The Quasi War Cases—and Their Relevance to Whether "Letters of Marque and Reprisal" Constrain Presidential War Powers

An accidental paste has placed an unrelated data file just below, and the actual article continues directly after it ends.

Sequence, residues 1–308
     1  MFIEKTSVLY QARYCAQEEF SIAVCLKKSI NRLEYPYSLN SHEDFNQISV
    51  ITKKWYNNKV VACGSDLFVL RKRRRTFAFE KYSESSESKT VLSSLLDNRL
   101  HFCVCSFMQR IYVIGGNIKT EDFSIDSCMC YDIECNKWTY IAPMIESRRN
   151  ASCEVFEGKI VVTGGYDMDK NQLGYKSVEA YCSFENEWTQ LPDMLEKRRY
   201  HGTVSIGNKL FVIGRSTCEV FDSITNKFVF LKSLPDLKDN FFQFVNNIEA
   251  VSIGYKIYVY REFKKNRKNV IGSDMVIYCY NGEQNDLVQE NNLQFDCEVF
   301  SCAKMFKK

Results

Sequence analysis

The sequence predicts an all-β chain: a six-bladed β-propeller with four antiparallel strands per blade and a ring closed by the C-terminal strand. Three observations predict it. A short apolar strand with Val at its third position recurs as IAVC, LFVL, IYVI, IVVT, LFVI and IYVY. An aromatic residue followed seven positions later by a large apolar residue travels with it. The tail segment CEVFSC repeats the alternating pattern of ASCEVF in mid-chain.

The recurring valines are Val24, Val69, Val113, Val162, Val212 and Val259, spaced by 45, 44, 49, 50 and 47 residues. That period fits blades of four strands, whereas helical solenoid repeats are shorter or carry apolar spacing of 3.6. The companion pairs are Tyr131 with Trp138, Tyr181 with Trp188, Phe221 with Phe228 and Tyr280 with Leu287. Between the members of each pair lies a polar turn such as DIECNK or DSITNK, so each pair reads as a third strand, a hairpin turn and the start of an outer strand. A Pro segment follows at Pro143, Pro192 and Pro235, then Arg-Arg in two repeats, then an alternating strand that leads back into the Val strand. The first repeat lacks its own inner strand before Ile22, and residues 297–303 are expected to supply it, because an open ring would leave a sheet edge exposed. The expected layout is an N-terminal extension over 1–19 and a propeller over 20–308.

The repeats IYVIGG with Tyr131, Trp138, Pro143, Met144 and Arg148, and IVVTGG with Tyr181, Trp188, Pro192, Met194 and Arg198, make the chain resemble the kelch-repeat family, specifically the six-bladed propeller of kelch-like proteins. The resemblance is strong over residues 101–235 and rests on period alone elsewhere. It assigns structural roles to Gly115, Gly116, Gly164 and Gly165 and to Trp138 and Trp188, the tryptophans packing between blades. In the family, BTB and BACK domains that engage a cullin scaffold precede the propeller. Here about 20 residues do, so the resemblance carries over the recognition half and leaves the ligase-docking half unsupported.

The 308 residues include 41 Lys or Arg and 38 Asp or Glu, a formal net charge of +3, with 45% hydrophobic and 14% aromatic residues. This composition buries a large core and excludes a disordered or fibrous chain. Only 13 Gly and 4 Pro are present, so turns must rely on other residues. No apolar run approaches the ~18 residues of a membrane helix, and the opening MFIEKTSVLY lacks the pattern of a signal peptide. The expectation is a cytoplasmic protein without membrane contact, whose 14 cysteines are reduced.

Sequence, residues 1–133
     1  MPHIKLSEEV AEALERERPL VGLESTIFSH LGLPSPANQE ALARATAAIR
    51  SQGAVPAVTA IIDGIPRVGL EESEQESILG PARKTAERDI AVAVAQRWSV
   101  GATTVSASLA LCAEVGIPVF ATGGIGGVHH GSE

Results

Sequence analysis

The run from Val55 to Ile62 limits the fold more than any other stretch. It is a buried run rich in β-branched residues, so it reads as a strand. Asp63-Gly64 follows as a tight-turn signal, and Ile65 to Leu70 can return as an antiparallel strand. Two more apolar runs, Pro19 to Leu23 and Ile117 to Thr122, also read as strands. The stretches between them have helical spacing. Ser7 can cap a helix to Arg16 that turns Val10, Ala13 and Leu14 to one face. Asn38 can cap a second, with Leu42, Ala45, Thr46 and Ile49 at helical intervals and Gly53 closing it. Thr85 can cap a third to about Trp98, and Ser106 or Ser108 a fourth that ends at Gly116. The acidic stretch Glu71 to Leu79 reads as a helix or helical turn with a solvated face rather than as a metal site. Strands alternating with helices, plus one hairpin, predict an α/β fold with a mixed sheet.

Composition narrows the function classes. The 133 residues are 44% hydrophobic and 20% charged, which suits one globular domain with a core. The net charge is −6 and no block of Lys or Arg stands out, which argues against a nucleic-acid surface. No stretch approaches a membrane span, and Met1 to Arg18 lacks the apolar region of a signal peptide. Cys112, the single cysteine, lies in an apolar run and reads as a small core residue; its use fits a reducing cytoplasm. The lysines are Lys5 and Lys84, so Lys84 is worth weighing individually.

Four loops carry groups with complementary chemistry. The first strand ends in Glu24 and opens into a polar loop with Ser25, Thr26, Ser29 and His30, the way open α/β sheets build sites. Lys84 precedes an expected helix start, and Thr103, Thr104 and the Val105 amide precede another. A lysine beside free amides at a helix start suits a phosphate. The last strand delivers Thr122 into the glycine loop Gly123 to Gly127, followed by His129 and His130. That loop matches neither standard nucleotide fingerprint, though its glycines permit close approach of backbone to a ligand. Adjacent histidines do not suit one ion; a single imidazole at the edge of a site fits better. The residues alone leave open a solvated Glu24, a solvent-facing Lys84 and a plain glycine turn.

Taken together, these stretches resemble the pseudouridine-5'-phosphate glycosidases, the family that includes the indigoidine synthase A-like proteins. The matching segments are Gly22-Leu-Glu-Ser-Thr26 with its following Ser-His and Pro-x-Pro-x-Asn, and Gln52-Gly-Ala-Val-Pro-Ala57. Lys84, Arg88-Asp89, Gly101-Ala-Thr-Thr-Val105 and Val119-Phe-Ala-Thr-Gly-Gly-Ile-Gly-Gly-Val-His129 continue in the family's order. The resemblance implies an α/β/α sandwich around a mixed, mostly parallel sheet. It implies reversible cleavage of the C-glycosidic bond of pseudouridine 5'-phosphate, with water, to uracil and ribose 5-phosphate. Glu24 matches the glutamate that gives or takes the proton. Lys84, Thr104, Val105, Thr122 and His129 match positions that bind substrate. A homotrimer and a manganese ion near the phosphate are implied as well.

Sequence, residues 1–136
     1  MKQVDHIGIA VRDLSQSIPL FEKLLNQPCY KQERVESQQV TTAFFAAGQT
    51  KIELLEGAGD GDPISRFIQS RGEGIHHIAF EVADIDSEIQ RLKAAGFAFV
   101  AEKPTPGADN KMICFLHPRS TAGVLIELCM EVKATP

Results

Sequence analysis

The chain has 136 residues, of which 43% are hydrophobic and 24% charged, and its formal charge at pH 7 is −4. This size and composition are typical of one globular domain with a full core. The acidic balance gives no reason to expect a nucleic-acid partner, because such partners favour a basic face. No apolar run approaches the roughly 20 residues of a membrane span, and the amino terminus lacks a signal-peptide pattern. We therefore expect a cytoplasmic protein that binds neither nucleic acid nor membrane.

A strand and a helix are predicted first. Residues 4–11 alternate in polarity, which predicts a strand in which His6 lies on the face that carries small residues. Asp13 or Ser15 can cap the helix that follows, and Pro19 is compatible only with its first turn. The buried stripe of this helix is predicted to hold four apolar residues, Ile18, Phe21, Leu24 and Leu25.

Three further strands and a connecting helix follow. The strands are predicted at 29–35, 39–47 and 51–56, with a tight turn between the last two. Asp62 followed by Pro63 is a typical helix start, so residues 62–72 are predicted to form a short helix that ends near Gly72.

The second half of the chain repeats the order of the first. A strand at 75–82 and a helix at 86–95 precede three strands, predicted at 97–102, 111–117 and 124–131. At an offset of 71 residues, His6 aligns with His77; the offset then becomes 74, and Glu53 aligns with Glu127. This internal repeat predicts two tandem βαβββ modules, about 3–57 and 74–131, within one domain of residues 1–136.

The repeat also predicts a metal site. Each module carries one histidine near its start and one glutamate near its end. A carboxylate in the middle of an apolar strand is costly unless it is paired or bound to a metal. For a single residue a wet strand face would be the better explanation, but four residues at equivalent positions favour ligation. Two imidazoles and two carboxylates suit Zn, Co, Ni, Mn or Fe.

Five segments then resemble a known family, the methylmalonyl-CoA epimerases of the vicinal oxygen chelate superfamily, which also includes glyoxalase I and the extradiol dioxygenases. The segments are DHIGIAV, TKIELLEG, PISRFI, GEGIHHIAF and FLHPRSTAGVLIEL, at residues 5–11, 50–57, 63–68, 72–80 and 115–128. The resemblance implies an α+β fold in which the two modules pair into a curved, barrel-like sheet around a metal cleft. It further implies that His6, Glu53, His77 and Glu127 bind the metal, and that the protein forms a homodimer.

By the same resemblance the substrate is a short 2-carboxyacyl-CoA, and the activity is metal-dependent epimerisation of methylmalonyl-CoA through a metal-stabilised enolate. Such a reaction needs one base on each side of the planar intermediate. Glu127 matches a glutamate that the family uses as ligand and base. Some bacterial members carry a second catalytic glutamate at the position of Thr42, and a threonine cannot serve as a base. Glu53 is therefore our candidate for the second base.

Constitutional scholars cite three Supreme Court decisions arising from the undeclared Quasi War with France in 1798-1800 as support for the proposition that Congress may authorize war of any magnitude, and that, except in case of sudden or imminent attack on the United States, this congressional authority displaces any right of the President to use military force of even modest magnitude without prior congressional authorization. The textual hook claimed by these scholars for so reading Bas v. Tingy, Talbot v. Seeman, and Little v. Bareme is the phrase in Article I, section 8 of the Constitution that immediately follows the grant to Congress of the power To declare War—namely, the power to grant Letters of Marque and Reprisal, and make Rules concerning Captures on Land and Water. These additional words, it is argued, enable Congress to regulate the President's ability to use military force in a manner short of full-scale war. This prevailing interpretation of the Quasi War cases is incorrect and has special significance because the U.S. Court of Appeals for the District of Columbia Circuit gave it credence in 2000 in the war powers case Campbell v. Clinton and because one or more of the cases continues to be cited in litigation concerning the current war on terror.